Martin Bursik (1959- ) leads the Green Party, an unusually successful formation, considering its size and finance, on the post- 1989 political scene. A government minister himself, he managed to win two more ministerial posts for his party MPs and one for independent Karel Schwarzenberg. Having only six MPs, this is quite extraordinary.
Bursik has concentrated on protecting the environment since his studies in the later 1980s. He was in charge of ecological questions on the Prague municipality and in 1998, he was appointed Minister of Environment for the first time, in Josef Tosovsky’s caretaker government, which lasted for several months. Those days he was in Christian Democratic Party, which he left in 2003 and joined the Green Party. He became a chairman of the latter in 2005 after the party undergone several shifts in direction and was in a state of chaos. If nothing else, he managed to put it back into one piece and led it towards a successful election.
Educated, well- spoken and capable of intelligent debate, he seems to resemble western professional politicians rather than the rather arrogant brutes which tend to dominate our politics. His eco- policies are mostly moderate and decidedly non-idealist, focusing on efficiency and incentives instead of interventions. Controversially, he continued the confused party’s shift to the right, defining the party as centre- right liberals. Which is quite an unusual face for a European Green.
What the more radical activists and, in fact, many others who gave the party a vote, dislike about his policy is that he is very loyal to the government. In order to keep things stable he often accepts things that an activists’ party should probably never cope with. He acts like a formidable politician of the typical brand, someone who would well know how to maneuver inside the New Labour, for instance. But he did not bring much of a change and he is often very pragmatic.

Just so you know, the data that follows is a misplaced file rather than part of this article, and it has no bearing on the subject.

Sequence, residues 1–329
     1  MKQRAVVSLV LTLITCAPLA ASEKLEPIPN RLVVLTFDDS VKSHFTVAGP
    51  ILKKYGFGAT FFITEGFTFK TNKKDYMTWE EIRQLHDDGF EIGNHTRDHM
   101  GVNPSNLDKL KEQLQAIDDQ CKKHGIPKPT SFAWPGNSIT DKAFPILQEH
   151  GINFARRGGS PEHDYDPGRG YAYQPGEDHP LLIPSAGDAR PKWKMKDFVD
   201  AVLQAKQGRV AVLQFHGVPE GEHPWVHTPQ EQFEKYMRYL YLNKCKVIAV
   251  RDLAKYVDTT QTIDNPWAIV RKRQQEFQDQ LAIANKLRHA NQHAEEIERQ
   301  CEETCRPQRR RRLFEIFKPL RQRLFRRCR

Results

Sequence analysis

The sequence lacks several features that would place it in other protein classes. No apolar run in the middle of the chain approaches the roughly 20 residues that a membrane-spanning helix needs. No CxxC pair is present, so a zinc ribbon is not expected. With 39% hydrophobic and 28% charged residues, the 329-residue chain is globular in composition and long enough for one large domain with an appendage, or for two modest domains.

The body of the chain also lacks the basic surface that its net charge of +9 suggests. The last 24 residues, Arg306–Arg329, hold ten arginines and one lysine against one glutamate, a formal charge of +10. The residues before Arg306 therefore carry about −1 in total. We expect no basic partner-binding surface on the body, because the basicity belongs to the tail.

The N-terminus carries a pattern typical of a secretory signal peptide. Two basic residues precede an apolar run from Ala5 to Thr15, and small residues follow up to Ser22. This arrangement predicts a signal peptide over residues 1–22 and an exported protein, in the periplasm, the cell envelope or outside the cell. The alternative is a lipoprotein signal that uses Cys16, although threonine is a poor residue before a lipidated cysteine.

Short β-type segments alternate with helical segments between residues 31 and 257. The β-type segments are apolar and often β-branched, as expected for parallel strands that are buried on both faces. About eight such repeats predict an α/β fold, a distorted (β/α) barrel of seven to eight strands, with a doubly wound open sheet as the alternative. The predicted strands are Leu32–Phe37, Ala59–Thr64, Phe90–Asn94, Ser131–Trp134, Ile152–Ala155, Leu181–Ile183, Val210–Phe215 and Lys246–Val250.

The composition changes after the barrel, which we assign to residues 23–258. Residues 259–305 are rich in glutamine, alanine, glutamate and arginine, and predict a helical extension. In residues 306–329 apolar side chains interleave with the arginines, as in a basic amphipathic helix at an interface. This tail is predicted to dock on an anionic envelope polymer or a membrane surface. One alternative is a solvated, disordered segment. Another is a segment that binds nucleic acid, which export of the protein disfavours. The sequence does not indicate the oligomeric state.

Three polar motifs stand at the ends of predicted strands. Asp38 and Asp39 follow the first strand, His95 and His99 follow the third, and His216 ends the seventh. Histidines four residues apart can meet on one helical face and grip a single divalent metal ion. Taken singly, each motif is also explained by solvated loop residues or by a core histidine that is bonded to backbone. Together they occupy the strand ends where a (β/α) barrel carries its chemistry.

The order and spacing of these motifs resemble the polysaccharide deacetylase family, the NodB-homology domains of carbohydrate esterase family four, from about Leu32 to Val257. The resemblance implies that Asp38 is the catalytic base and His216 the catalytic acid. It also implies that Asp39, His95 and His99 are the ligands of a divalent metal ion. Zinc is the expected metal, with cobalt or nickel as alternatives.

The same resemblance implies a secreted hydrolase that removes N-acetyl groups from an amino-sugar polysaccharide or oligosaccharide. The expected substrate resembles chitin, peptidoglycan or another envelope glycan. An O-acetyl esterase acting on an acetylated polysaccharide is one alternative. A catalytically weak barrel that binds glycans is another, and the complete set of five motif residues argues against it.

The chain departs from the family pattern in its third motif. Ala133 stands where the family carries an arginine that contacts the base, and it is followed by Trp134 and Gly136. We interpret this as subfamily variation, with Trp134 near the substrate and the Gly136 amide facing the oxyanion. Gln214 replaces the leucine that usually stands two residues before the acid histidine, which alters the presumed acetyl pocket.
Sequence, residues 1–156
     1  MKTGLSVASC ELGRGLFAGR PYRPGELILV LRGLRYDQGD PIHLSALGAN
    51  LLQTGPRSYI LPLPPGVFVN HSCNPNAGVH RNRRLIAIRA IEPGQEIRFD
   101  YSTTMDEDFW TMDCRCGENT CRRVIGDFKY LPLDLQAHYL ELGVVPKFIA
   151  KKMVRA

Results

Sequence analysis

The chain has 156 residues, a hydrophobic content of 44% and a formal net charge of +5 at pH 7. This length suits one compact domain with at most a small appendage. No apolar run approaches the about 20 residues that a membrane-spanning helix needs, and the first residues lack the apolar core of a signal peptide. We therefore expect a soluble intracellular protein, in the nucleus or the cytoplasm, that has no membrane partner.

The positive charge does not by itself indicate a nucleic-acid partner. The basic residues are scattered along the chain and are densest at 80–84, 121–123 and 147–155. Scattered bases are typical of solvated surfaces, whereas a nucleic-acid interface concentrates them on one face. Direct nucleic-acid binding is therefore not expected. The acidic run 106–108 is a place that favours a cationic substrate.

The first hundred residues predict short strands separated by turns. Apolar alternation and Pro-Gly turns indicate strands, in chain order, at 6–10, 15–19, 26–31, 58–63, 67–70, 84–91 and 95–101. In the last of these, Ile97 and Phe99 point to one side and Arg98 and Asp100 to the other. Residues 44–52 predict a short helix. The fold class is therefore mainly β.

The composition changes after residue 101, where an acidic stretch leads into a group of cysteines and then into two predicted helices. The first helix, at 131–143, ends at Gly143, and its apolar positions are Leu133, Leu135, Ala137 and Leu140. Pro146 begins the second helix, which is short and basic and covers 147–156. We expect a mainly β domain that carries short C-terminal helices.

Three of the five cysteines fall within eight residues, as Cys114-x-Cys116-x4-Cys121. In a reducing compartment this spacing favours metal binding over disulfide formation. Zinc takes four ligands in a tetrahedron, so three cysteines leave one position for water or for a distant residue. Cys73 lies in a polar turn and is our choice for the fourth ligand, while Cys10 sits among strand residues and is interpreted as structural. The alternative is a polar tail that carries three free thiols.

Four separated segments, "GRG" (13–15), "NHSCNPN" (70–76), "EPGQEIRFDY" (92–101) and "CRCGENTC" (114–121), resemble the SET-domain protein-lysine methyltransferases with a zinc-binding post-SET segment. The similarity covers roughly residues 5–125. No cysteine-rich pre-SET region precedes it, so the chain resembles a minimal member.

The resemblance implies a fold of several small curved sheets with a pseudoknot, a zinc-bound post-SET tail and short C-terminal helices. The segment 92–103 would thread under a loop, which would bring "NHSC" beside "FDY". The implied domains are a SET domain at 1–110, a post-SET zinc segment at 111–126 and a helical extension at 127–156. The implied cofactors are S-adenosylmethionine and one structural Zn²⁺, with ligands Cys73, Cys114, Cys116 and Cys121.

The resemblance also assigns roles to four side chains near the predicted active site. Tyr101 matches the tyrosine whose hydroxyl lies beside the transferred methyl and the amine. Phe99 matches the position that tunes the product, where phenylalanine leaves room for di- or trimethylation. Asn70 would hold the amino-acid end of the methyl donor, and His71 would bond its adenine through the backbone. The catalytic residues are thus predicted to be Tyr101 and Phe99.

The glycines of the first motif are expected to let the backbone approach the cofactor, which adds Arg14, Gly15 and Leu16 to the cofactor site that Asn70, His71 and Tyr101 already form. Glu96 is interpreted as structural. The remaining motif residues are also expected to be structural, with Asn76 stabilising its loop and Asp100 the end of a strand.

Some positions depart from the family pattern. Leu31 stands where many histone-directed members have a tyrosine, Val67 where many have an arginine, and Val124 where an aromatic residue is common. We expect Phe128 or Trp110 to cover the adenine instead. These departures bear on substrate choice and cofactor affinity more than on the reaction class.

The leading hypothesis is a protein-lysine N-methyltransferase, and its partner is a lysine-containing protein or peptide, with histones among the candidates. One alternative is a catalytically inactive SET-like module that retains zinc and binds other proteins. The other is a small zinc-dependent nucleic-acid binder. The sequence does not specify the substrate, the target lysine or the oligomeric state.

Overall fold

The case of Jirí Cunek is notorious. The Christian Democrat leader had several semi- racist remarks and defended his decision of solving a Roma ghetto problem by moving the Roma some miles away, into kind of a compound. Both goes so sharply against what the Greens stood for during the election campaign, that it forced them to give an ultimatum: either Cunek leaves or we leave. But, embarrassingly, neither of these things happened. A similar scenario was repeated in several occasions. Sadly, it made the Greens look too cautious, almost cowardly. What is an ultimatum for if your conditions are not met and you just turn it down?
Bursik is very able and he is one of the very few Czech politicians that is worth listening to. Both his speeches and debates are smart, informed, inspiring. But he is too pragmatic and flexible to satisfy a will for change. The Greens are gliding into a big trouble. The more radical part is growing stronger and it’s starting to pose a question that was being asked a year and a half ago: Do we have to be in a government we don’t like (and which doesn’t like us)? Why not move to opposition? I guess it’s a thought Bursik should have considered better after the 2006 election. The participation on current government may well bury the party in 2010.
Reservations aside, it would better be people like Bursik in the parliamentary benches, instead of the old squad.